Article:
Provinces concerned with soaring Covid-19 infections and the impact of the lockdown restrictions on their economies met President Cyril Ramaphosa on Sunday.
PROVINCES concerned with soaring Covid-19 infections and the impact of the lockdown restrictions on their economies met with President Cyril Ramaphosa on Sunday to get some clarity on rumours of further restrictions.
The meeting comes after Ramaphosa called for an emergency meeting with the National Coronavirus Command Council (NCCC) last week as the number of Covid-19-related deaths continued to rise.
On the weekend, Ramaphosa said: “Cabinet will also look at some of the recommendations coming from our National Joint Operational and Intelligence Structure (Natjoints) and Health Department. It is then that we will be able to make an announcement to the nation.”
That announcement is expected to take place before the National State of Disaster is due to expire on Friday.
Ramaphosa met the NCCC, premiers of various provinces and religious leaders to discuss the escalating number of Covid-19 cases. According to sources, a recommendation was made by the NCCC to put the country on Level 4 restrictions for 30 days, but no decision has yet been made.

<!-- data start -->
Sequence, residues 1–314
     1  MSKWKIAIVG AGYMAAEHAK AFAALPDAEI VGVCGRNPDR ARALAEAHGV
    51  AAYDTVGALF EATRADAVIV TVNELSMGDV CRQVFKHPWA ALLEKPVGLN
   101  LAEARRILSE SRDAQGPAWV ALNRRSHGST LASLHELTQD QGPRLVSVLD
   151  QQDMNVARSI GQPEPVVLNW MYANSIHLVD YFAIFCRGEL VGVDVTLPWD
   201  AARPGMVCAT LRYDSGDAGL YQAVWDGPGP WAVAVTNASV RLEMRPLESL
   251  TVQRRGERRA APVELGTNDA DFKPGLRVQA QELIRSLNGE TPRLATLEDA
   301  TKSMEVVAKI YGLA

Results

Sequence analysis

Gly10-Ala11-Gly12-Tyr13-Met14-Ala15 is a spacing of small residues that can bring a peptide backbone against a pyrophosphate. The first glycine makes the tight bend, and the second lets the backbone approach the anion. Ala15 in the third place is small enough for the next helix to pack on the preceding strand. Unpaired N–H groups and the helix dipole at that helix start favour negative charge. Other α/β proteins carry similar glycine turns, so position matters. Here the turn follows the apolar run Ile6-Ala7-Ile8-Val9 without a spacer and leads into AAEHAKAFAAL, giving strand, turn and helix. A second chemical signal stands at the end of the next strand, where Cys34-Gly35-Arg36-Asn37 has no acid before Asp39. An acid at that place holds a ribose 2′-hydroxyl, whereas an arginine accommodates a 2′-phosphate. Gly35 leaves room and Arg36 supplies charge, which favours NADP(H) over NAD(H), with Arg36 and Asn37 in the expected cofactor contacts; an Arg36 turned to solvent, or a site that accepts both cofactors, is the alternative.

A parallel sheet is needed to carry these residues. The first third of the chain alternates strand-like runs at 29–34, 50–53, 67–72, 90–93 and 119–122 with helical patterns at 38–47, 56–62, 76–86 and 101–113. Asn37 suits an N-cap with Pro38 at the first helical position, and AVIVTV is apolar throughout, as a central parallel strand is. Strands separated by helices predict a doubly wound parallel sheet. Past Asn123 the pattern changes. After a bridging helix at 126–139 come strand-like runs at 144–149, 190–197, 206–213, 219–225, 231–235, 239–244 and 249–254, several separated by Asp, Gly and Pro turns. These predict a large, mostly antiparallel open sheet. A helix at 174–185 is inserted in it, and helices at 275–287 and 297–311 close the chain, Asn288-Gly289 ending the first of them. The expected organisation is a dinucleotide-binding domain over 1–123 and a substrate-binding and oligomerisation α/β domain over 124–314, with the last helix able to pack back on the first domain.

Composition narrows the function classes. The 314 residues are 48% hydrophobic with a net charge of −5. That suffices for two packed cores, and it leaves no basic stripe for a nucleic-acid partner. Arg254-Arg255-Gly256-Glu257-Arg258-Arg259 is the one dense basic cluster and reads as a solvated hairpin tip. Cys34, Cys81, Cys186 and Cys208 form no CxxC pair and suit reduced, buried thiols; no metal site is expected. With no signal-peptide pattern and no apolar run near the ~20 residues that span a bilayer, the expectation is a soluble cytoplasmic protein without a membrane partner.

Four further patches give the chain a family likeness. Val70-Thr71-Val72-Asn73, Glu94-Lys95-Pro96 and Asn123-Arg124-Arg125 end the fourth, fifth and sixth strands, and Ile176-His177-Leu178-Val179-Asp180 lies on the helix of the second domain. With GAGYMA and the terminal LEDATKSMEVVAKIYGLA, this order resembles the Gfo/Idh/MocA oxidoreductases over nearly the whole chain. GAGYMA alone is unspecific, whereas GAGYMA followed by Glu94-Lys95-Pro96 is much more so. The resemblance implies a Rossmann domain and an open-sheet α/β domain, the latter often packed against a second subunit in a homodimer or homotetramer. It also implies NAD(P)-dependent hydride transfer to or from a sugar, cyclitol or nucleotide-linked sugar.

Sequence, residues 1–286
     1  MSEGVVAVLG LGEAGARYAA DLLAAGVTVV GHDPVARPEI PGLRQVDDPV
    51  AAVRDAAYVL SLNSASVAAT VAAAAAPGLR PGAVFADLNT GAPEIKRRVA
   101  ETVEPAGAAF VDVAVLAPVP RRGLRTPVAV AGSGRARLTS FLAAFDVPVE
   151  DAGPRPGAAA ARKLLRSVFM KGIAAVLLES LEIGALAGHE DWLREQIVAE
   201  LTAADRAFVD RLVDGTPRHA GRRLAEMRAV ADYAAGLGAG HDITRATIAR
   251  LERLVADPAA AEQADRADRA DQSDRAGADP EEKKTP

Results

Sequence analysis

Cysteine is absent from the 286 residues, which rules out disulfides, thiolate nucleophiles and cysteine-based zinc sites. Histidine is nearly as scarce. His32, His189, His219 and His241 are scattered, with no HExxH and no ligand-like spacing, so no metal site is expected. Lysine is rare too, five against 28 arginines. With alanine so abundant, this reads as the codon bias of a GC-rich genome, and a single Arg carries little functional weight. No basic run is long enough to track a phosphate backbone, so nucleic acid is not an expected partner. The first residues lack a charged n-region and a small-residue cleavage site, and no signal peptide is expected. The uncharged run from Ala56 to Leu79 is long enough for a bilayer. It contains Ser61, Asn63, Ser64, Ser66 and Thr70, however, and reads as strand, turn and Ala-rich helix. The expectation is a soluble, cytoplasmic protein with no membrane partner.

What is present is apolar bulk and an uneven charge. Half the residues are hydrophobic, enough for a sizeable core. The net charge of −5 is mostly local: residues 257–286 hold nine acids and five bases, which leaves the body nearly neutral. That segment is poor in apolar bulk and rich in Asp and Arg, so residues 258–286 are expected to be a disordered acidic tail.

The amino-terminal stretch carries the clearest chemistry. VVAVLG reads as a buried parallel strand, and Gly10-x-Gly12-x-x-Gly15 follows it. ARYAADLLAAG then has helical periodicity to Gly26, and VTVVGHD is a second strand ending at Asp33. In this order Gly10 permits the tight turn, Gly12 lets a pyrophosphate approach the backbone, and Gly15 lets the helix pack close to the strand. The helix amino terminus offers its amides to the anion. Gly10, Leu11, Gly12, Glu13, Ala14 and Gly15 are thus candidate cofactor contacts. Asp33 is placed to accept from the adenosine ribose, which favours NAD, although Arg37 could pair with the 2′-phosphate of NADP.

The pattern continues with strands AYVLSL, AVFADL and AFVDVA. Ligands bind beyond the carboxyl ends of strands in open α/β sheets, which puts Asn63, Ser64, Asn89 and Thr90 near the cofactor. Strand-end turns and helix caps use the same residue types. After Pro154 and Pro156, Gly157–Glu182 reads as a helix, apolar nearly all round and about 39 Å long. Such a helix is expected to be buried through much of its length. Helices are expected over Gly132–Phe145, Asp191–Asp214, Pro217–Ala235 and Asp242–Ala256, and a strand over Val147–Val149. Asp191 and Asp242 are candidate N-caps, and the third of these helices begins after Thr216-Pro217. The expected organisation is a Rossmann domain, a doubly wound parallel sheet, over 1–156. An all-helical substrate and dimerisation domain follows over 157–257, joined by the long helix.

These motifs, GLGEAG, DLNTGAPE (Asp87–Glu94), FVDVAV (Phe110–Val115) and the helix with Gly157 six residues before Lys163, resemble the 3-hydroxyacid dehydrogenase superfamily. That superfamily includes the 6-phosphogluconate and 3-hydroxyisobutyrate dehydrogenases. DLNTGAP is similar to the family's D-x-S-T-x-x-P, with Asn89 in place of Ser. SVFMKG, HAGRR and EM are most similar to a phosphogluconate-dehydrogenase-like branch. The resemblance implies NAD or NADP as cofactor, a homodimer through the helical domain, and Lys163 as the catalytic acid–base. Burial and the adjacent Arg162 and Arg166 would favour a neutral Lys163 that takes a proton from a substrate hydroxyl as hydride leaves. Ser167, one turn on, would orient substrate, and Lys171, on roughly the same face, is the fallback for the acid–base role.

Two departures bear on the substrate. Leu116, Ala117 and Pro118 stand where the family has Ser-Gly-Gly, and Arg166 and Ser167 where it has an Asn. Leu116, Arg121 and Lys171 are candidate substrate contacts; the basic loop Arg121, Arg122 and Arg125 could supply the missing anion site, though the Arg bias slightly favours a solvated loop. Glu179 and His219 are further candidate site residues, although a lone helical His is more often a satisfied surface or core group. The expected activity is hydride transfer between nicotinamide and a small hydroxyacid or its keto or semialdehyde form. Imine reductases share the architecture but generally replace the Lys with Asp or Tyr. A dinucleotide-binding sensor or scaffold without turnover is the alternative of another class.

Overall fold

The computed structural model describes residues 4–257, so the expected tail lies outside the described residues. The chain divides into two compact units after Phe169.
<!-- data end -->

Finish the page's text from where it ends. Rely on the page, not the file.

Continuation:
There has also been no discussions regarding the sale of alcohol despite South African Breweries (SAB) approaching the courts to have the booze ban lifted.
Ministerial Advisory Committee member Professor Jeffrey Mphahlele said: “It’s a very tough decision for the president, but he will maintain the status quo because the situation has not changed, so we should not expect a relaxation on the regulations. However, he could adjust the current Level 3 restrictions we are currently on.”
Helath Minister Dr Zweli Mkhize said on the weekend: “The nature of the pandemic has been devastating and the resurgence has come to decimate more lives. Our figures have gone beyond one million and our fatality rate going beyond 30,000. Private hospitals are more under pressure at the moment and there is a huge demand on beds and ventilation.
“In the Eastern Cape and Western Cape the numbers have exceeded the peak and in Gauteng the numbers are still rising. The challenge is that it’s becoming more severe and our health workers have been working non-stop.”
But there is hope as Mkhize announced that the country would be receiving one million vaccine doses this month from the Serum Institute of India (SII) and 500,000 doses in February.
Mkhize said 67% to 70% of the population would have to be immunised to stop the spread of the virus.
Department of Health Deputy director-general Dr Anban Pillay said: “There’s a huge number of private hospitals and they have been working very closely with public hospitals regarding the number of beds. We are monitoring the situation.
“We have three oxygen suppliers in the country and as the demand for oxygen increases it will put strain on the supply.”